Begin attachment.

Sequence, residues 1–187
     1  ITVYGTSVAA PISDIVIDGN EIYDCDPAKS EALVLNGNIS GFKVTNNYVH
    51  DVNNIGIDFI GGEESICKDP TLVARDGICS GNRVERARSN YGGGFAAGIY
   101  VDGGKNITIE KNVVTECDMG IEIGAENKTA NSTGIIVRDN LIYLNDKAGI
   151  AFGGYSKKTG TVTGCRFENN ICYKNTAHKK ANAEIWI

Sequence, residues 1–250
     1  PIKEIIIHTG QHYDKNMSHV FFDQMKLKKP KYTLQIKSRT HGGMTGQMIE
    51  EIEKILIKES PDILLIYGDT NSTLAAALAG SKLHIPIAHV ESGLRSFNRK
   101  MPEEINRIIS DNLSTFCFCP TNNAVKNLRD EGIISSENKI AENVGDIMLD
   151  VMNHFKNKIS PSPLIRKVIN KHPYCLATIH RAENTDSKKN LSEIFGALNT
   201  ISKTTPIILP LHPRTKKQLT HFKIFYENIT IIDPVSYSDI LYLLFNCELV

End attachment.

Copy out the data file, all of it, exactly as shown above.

Sequence, residues 1–187
     1  ITVYGTSVAA PISDIVIDGN EIYDCDPAKS EALVLNGNIS GFKVTNNYVH
    51  DVNNIGIDFI GGEESICKDP TLVARDGICS GNRVERARSN YGGGFAAGIY
   101  VDGGKNITIE KNVVTECDMG IEIGAENKTA NSTGIIVRDN LIYLNDKAGI
   151  AFGGYSKKTG TVTGCRFENN ICYKNTAHKK ANAEIWI

Sequence, residues 1–250
     1  PIKEIIIHTG QHYDKNMSHV FFDQMKLKKP KYTLQIKSRT HGGMTGQMIE
    51  EIEKILIKES PDILLIYGDT NSTLAAALAG SKLHIPIAHV ESGLRSFNRK
   101  MPEEINRIIS DNLSTFCFCP TNNAVKNLRD EGIISSENKI AENVGDIMLD
   151  VMNHFKNKIS PSPLIRKVIN KHPYCLATIH RAENTDSKKN LSEIFGALNT
   201  ISKTTPIILP LHPRTKKQLT HFKIFYENIT IIDPVSYSDI LYLLFNCELV